Most Associations’ Strategic Plans are Upside Down
The traditional strategic planning model is a pyramid, with everything cascading outward from one-line Vision and Mission statements down to a broad base of aligned action items and measures.
On paper, this looks perfectly reasonable, but it never really delivers the outcomes you are looking for; unless your desired outcomes are to do marginally better at pretty much the same things you’re doing now.
That model might work for planning, tracking and reporting; and it might suit the lifecycle and culture of some. But it is not strategic and it does not lead change.
To instigate and sustain change you need to turn the pyramid upside down and give people what they need to challenge the status quo. If you want people to change your organization, they need more at the top and less at the bottom:
1) People need meaning. In order to offer up their best, people need to know who their association is and what it stands for. They need to feel part of something bigger. Most associations exist to serve a meaningful purpose, but this critical core is obscured in vague, general mission/vision statements. Instead, go deep. Remember why the organization started, ask people what’s important to them, have some heartfelt conversations. Find the right words, as many as you need, to interest the people who share your purpose and to challenge them to do something meaningful together.
2) People need context. Don’t edit down your future. The mind doesn’t naturally connect the mission: ‘advance our great cause’ to the action: ‘keep the member database updated’. This is where you need wording that captures what you can realistically achieve; how it will be achieved; and what is expected of people. A detailed forecast paints a credible picture of your unique definition of excellence.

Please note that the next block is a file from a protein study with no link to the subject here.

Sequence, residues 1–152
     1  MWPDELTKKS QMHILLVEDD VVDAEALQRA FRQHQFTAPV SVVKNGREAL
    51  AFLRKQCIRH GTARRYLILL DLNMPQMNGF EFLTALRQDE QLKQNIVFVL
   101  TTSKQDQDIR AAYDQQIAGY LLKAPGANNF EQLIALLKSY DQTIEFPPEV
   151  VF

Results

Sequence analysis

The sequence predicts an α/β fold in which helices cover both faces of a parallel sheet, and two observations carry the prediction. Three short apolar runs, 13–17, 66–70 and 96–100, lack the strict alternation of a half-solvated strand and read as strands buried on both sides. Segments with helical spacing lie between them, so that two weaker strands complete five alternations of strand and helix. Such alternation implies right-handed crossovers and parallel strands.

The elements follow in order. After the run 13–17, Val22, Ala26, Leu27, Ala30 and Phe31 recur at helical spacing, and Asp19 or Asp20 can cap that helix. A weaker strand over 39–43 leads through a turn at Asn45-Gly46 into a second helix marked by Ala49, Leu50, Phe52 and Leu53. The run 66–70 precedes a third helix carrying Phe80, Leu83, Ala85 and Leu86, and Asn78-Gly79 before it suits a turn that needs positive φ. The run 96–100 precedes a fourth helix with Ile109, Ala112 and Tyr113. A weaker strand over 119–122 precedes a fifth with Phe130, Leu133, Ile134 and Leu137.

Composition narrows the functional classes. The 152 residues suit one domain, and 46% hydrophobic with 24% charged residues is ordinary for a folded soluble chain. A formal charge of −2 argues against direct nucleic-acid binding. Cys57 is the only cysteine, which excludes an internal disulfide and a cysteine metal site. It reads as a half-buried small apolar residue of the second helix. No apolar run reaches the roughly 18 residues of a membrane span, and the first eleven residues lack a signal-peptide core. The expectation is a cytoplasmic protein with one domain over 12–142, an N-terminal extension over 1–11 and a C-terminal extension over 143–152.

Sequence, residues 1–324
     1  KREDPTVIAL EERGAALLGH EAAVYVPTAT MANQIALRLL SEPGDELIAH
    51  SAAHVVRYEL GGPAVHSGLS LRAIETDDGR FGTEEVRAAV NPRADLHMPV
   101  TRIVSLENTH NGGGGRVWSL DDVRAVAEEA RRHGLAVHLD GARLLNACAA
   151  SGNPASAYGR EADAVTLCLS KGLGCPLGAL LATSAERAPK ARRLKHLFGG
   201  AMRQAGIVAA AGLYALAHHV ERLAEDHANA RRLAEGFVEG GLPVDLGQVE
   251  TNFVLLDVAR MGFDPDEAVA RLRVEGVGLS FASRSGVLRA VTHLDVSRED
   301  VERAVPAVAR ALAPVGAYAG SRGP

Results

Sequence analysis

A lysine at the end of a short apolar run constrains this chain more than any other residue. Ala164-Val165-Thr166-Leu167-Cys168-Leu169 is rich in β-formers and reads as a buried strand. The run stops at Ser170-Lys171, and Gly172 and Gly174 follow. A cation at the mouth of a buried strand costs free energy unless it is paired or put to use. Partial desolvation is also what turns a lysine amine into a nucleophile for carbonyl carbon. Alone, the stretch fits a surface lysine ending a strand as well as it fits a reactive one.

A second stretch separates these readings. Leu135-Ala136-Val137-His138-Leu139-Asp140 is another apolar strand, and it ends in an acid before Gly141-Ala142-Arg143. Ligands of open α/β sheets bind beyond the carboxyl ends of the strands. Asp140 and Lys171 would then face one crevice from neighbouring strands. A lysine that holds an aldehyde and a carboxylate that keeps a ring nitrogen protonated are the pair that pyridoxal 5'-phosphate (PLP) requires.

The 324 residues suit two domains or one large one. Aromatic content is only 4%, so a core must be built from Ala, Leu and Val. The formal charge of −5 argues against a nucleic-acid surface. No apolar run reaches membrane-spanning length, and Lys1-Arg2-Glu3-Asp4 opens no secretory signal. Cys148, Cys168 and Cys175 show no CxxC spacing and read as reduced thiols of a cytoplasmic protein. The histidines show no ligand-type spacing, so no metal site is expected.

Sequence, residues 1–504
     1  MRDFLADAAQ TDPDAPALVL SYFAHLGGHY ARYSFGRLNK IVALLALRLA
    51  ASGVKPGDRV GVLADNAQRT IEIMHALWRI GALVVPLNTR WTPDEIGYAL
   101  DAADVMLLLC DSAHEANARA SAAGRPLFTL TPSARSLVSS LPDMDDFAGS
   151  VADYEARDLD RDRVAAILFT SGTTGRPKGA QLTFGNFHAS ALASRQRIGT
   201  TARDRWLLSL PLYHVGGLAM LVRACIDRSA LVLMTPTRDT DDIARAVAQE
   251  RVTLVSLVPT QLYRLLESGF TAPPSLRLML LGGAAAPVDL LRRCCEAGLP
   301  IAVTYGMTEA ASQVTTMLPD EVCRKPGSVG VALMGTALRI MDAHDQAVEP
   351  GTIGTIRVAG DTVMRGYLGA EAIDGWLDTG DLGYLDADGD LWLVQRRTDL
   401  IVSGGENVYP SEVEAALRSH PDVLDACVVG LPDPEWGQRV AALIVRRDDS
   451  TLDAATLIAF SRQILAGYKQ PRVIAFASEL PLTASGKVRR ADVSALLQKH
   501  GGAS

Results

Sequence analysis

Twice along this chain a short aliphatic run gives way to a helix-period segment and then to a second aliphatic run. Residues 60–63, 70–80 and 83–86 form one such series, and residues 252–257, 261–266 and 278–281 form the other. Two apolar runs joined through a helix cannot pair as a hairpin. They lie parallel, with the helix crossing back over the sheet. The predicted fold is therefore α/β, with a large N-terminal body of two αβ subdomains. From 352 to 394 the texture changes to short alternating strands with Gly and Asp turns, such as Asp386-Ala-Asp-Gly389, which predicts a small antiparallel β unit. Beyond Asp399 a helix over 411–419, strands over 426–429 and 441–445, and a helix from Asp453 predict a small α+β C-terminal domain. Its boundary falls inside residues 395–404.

3) People need practical direction and leadership. Every association has an endless list of action items. In order to change anything, priority setting is where you must become truly strategic and disciplined. Edit down your priorities to the right number of goals, in the right order, at the right time. This is where your inverted pyramid should narrow.
Setting 2 – 3 credible, well-resourced priorities at a time is the peak formula. Add a fourth and achievement drops off by 50% across the board. (Franklin-Covey)
It’s okay (or required) to have a longer prioritized list below, but you need to measurably and visibly achieve something before moving on to the next thing.
People want their work to add value, and they will work with you to change things if you can offer more than a vague promise and a list of tasks. Create credible optimism with a strategic plan that shows people a meaningful alternative, details the first step or two, recognizes the inevitable difficulties, corrects, demonstrates achievement and then moves on to the next step.
The bonus: Your credibility, the greatest asset you have as a leader, will grow.
Is your organization ready for real change? Take our change readiness questionnaire to find out.